Jerome Israel is a former senior executive at NSA and the FBI
Instead of alienating Russians, we should be pulling them in
The U.S. needs Russia. This may sound peculiar coming from a person who spent 25 years at the NSA, almost half of those fighting communism. But our approach to Russia since the end of the Cold War has been unimaginative and aggressive. Politicians in Washington put on their Cold-War glasses any time Russia makes noise. It's time to archive those in the Smithsonian.
Many notable academics agree that our policies toward Russia are flawed, but my conclusion — that we need Russia — is derived from the kind of work we mastered at NSA: carefully listening to and analyzing communications, in this case what Russians have said openly on social networks and in private conversations with me during a recent trip to Russia.
Unfortunately, for Americans schooled in "exceptionalism," what they say is hard to accept. Many don't like us. They despise our government, our swagger and how we have bullied our way across the globe since the end of the Cold War. Russians were humiliated then; it's no wonder that I saw a Russian youth with his fist held high under a gargantuan Soviet-era monument: the Worker and Collective Farm Girl. Russians opine about the respect, power and authority they once enjoyed.
Russians resent how NATO has brought Poland, the Baltics and other Eastern European countries under its wing. Rightly or wrongly, they continue to believe that at the end of the Cold War, then-Secretary of State James Baker promised Soviet leader Mikhail Gorbachev that the U.S. would not expand NATO "one inch to the east." To put this in more comprehensible terms, recall that less than 20 years ago this country was outraged by the prospect of China potentially operating the Panama Canal. Imagine China having a military toe-hold in Mexico.
So, it's no surprise that roughly a quarter century after the end of the Cold War, Russians began to feel boxed in. Our on-again, off-again policy of deploying anti-ballistic missile defenses in Poland and the Czech Republic only heightened tensions. With NATO's expansion, the U.S. lost an opportunity to grow closer to Russia. The sad part about our feckless policy is that the chances of the American public supporting a war with Russia over Romania, Poland or the Baltics are slim to none.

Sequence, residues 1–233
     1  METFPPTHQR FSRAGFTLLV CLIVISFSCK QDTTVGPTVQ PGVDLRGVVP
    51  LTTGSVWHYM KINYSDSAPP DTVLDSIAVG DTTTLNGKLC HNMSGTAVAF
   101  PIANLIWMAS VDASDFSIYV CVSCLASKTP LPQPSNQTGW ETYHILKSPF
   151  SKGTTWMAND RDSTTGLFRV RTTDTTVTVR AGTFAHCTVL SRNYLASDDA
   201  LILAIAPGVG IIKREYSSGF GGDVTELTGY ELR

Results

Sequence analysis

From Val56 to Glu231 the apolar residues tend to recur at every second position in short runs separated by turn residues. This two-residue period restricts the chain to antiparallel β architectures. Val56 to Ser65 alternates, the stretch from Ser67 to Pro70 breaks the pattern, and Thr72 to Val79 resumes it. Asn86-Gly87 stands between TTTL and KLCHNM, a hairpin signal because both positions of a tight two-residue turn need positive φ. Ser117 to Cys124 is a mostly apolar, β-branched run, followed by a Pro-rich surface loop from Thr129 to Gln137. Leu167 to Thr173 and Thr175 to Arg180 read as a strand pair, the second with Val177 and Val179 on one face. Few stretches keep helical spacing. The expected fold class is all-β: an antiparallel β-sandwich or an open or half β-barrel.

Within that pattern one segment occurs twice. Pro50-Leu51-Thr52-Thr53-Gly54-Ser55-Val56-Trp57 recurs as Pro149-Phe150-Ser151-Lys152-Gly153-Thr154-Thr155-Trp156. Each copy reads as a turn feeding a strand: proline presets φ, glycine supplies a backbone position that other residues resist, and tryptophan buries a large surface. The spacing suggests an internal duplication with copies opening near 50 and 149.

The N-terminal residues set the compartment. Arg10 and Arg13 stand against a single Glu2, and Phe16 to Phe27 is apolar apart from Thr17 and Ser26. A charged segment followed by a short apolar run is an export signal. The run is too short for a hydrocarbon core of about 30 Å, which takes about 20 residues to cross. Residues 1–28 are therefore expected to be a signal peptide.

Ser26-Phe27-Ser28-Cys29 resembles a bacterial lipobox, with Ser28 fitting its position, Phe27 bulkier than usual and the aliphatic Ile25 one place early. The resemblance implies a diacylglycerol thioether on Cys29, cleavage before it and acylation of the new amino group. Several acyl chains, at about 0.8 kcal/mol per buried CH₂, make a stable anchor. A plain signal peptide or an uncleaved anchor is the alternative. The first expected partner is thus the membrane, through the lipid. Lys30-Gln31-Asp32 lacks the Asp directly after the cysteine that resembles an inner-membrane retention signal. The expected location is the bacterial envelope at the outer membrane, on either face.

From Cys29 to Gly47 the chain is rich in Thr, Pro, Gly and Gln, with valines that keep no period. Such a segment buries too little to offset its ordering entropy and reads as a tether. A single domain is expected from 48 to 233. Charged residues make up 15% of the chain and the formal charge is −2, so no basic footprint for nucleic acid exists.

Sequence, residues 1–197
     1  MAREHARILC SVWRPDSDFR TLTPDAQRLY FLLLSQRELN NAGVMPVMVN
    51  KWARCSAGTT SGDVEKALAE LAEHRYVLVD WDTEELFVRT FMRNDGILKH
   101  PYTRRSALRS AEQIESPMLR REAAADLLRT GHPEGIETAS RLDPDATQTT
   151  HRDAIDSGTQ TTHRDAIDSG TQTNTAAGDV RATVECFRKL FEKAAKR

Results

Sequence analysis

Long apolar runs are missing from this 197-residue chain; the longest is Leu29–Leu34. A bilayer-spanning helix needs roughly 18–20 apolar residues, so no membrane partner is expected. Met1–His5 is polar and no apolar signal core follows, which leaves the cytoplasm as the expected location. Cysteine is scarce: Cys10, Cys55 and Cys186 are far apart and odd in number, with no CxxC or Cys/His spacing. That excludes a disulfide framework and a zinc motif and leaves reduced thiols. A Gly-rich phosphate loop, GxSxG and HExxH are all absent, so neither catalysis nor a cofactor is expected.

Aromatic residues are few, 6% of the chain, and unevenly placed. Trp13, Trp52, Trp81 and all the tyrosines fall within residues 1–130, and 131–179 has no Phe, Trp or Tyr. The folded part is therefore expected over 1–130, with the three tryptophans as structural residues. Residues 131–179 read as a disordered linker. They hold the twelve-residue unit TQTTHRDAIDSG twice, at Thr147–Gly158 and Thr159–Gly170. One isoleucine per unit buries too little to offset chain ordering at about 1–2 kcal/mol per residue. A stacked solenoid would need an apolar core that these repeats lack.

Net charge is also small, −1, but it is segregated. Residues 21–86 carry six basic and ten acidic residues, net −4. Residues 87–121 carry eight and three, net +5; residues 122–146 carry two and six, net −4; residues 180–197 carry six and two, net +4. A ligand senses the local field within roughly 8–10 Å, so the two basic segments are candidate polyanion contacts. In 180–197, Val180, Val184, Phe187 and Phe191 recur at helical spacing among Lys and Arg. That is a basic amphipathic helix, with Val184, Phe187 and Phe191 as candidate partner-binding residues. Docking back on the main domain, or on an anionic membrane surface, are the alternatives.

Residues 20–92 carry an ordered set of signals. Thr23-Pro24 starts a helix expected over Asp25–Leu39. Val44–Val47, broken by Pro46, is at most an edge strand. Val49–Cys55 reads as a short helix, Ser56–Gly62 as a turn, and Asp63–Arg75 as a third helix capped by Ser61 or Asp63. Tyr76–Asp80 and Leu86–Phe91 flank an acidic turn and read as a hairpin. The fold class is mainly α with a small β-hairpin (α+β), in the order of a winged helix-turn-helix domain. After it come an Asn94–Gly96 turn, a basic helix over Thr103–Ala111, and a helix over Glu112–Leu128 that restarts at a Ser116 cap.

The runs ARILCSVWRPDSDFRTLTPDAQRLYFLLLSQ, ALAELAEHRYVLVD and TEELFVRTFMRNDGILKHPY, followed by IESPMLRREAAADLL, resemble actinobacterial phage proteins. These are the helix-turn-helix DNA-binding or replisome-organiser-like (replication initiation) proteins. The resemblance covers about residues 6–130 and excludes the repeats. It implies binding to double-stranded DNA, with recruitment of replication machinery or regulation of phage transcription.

Ordinary Russians worry about Vladimir Putin, but will stand up for him when he is constantly labeled a "KGB thug." They detest State Department spokesperson Jennifer Psaki, but since she has become a favorite topic of humor, they were relieved when she returned from a recent week-long absence. What Russians seek from the U.S. is respect and problem-solving on a peer-to-peer level.
The situation in Ukraine is a brutal regional conflict, which Russians and Ukrainians must work out for themselves. Eventually they will tire of civil war, given their deep cultural ties. Antagonizing Russia by trying to peel off Ukraine for the West is foolish given the larger strategic problems confronting the U.S. We need to reverse NATO expansion and put a new governing framework in place. We need Russia's expertise and influence in the Middle East. Mr. Putin helped us avoid a military commitment in Syria. And, have we forgotten that his government tried to warn us about the Boston bombers, the Tsarnaev brothers?
Short of a policy change, Russia will continue to thwart us, undermine our currency and heighten tensions, creating a new Cold War that neither can afford. Oddly, the Russian people adore our music, movies, and even our fast food restaurants, and a large number speak English to varying degrees. One Russian friend cynically commented that all large empires need enemies. But is this the kind of enemy we want — especially now?